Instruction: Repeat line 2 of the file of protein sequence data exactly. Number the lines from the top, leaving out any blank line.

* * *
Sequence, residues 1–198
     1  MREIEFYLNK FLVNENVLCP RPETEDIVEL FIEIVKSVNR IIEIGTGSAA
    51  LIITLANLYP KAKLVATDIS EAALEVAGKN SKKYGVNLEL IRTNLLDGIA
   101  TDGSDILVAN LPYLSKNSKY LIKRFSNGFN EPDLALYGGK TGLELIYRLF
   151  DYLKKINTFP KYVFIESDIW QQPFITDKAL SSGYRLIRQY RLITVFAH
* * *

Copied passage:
     1  MREIEFYLNK FLVNENVLCP RPETEDIVEL FIEIVKSVNR IIEIGTGSAA